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Our lexicographer considers vivid phrases of military leaders

Military leaders are generally written about for their exploits, but many are also remembered for their words. One order that is attributed to several in command is “Don’t fire until you see the whites of their eyes.” At the battle of Jägerndorf, in Silesia, on May 23, 1745, Frederick the Great allegedly ordered his troops to prevail “by push of bayonet alone. No firing until you see the whites of their eyes.” The same locution is attributed to Prince Charles of Prussia on the same occasion, and King Frederick gave a similar order at Prague in 1757. It is not known if the American Revolutionary War leader William Prescott was aware of this earlier command, but he gave it himself at the Battle of Bunker Hill on June 17, 1775. It was also attributed at that battle to Major General Israel Putnam.

After the War of 1812, Commodore Stephen Decatur, also a naval hero against the Barbary pirates, was named to the newly created Board of Naval Commissioners. In 1816 at a Washington social occasion, he offered an after-dinner toast: “Our country! In her intercourse with foreign nations may she always be in the right; but our country, right or wrong!”

Sir Winston Churchill was neither a general nor an admiral when he said, in his first speech as prime minister of Great Britain on May 13, 1940, “I have nothing to offer but blood, toil, tears and sweat.” This vivid phrase had appeared much earlier in poems by John Donne (1611) and Lord Byron (1823). Churchill alluded to it earlier on that day and in three subsequent speeches. A seeming riff comes from then brigadier general George S. Patton Jr., who told officers of the 2nd Armored Division at Fort Benning, Georgia, in 1940 that “War will be won by blood and guts alone.” From this remark came his nickname, “Old Blood and Guts.”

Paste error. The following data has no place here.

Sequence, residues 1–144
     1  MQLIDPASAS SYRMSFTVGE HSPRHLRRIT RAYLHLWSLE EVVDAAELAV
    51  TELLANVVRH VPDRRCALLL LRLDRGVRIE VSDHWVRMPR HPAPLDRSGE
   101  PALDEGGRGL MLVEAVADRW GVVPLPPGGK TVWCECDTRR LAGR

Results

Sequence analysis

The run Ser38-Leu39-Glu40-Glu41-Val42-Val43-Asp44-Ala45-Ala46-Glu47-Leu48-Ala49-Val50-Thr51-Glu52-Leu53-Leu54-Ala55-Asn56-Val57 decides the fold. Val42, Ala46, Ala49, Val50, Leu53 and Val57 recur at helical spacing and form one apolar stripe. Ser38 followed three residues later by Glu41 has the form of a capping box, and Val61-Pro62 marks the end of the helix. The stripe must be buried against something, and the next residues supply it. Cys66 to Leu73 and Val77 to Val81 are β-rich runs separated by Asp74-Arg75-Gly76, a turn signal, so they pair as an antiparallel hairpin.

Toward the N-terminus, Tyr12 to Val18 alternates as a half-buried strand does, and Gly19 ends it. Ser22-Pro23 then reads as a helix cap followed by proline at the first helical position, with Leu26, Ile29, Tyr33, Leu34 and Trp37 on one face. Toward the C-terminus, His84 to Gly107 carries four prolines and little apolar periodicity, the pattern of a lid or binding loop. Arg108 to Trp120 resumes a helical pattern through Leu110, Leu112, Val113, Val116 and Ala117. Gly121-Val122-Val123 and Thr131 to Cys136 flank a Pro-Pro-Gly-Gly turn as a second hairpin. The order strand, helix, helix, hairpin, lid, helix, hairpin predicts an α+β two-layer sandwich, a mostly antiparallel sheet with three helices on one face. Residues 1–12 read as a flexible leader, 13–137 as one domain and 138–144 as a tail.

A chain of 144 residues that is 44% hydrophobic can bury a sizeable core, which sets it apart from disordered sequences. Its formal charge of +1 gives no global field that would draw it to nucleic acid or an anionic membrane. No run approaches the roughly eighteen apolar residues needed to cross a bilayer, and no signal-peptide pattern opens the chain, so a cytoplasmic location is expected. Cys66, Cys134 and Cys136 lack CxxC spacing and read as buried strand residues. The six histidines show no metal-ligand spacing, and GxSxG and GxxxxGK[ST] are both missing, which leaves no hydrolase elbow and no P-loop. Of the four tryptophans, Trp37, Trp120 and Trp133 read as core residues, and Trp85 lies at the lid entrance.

During the Spanish-American War on May 1, 1898, Commodore George Dewey gave the following command to the skipper of his flagship, Captain Charles V. Gridley, in the Battle of Manila: “You may fire when you are ready, Gridley.” Seven hours later, the Spanish fleet of 10 ships was destroyed. Fewer than a dozen U.S. sailors were even wounded, and no ships were lost.

Several memorable remarks arose from World War I. At the beginning of the war, Georges Clemenceau, premier of France, said, “War is too important to be left to the generals.” During the crucial First Battle of the Marne, in September 1914, French general Ferdinand Foch, a proponent of the all-out offensive, said to his commanding general, Joseph Joffre: “My center is giving way. My right is in retreat. Situation excellent. I shall attack!” He stabilized the front and soon was in charge of both the British and French forces in the northern sector.

Four years later, during the Lys offensive in 1918, when the Germans hurled the British back in sustained attacks that at the time threatened to win the war for the Central Powers, Sir Douglas Haig urged the British Expeditionary Force to resist. In a Special Order of the Day, he admitted to his troops, “With our backs to the wall…each one of us must fight on to the end.” Eight months later, an exhausted enemy surrendered.

Several distinctive phrases come from clergymen involved in World War II. During the attack on Pearl Harbor on December 7, 1941, Howell M. Forgy was a chaplain on the heavy cruiser New Orleans. When an ammunition crew was tiring, he exclaimed, “Praise the Lord and pass the ammunition, boys!” However, this exclamation has also been attributed to another U.S. Navy chaplain, William Maguire, who at Pearl Harbor stepped into a gun station when its gunner was killed. Whoever originated it, it gave rise to the first major hit song of World War II, Frank Loesser’s “Praise the Lord and Pass the Ammunition.” It sold more than two million records and about one million copies of sheet music in the first year alone. To prevent the song from being sung and played to death, the Office of War Information asked radio stations not to play it more than once every four hours.

And finally, “There are no atheists in the foxholes” is attributed to Father William Thomas Cummings, a Maryknoll Mission priest in one of his field sermons on the Bataan Peninsula in 1942.

Christine Ammer has written several dozen word books, including Facts on File Dictionary of Clichés (3rd ed., November 2011) and American Heritage Dictionary of Idioms.


This article originally appeared in the Spring 2011 issue (Vol. 23, No. 3) of MHQ—The Quarterly Journal of Military History with the headline: Fighting Words: Commanding Attention

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